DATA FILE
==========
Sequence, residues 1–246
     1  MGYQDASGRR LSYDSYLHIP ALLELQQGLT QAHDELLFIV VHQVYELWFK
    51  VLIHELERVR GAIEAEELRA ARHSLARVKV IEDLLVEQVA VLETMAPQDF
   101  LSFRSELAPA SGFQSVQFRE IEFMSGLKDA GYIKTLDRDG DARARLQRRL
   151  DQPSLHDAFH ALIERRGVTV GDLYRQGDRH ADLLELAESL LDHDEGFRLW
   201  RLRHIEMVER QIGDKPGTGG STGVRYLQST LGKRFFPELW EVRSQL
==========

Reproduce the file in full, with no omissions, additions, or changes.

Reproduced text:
Sequence, residues 1–246
     1  MGYQDASGRR LSYDSYLHIP ALLELQQGLT QAHDELLFIV VHQVYELWFK
    51  VLIHELERVR GAIEAEELRA ARHSLARVKV IEDLLVEQVA VLETMAPQDF
   101  LSFRSELAPA SGFQSVQFRE IEFMSGLKDA GYIKTLDRDG DARARLQRRL
   151  DQPSLHDAFH ALIERRGVTV GDLYRQGDRH ADLLELAESL LDHDEGFRLW
   201  RLRHIEMVER QIGDKPGTGG STGVRYLQST LGKRFFPELW EVRSQL